As the rain began to fall yesterday, we had another storm of sorts. Ahh, teenage life.
It’s always apparent that what makes our teenager miserable isn’t the stuff on Quest. Not exclusively. Not the scuba diving, the yoga, the warm sunshine, the helping Bonnie and her team at Harbour Village. It’s when she compares her life here to her life back home. Which happens every time she’s on her phone. And until recently, she was on her phone a lot. A lot, a lot.
In no way do I want to shame her with this. After all, the experience of being a teenager is not something entirely under their own control. And we have taken her out of her preconceived ‘normal’ life – which, for our older teenager, is the bag she uses to swing at us. And she might have a point. Still, our other, younger teenager loves this life. Riddle me that one.
Maybe these differences won’t matter in the long run. I’m hoping we can love each other enough to get through it. It just gets intense at times. We feel the rug being pulled out from under us. Supposedly normal for parents of teenagers, but man – it is something when it happens. Over and over again. It’s a kind of trauma.
What makes it so uniquely strange is the combination of watching teenagers behave like toddlers, until they sit down to compute some quadratic expression or the like. It’s the combination of baby vs adult behaviour which is totally mind-boggling.
And I don’t want to ban her phone. To me that feels cruel.
Still, when it is largely the source of her misery – and in this I mean she becomes withdrawn and then aggressive toward us, what do you do? I’m just about at the point where I’ve lost the sense of being cruel. What seems crueller to me is to let it pass. Not to set down rules.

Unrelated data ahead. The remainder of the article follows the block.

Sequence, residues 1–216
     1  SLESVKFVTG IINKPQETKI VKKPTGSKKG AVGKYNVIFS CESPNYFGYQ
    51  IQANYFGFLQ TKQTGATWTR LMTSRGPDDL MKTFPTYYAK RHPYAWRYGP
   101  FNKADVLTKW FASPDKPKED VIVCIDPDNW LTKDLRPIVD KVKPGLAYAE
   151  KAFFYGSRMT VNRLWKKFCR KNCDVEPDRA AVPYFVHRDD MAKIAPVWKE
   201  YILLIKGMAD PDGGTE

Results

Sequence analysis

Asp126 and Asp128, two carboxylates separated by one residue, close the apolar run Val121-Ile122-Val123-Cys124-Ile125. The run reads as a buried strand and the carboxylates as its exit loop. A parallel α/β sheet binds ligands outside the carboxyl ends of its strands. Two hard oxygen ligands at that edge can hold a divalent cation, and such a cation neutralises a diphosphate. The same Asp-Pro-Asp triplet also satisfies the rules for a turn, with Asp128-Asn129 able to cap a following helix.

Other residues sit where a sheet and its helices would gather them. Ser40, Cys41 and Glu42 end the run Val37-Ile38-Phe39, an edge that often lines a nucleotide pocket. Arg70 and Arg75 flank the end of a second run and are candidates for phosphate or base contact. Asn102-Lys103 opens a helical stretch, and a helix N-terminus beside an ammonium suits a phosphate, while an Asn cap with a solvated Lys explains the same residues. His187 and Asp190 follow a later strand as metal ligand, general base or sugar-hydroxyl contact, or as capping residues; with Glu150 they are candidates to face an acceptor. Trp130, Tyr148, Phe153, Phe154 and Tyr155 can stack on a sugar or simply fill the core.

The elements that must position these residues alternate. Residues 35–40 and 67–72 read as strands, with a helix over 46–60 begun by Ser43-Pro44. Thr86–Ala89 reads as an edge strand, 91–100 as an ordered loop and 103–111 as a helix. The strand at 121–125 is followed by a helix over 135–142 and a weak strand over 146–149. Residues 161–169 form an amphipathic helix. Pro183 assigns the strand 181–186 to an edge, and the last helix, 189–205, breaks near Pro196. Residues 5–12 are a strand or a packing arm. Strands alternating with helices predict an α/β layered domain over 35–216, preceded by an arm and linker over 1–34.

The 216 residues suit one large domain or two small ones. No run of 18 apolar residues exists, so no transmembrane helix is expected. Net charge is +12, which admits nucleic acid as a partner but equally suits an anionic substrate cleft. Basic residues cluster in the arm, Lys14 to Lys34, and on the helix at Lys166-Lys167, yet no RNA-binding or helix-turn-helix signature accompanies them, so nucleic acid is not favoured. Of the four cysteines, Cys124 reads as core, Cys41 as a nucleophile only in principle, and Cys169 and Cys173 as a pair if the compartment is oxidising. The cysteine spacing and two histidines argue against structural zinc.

For better or worse, I guess I do have a point of consolation right now. She isn’t the only isolating teenager right now. Maybe because of lockdown, there are a lot more parents like us who are dealing more first-hand and up-close with the exquisite contradiction of teenage life. All of this during a time where we should be calm and composed. Where we need to stay strong and still.
Wait a minute. When you think about it, it seems we are all living a teenage time – riding out something that is not under our control. Forced into lockdown like you’re a child and it might be good for you – but who knows. All you want to do is be free like an adult. Who would have thought that teenagers and pandemics were so closely linked?
Meanwhile, Jack was given a tomato plant the other day. Our turtle is looking after it.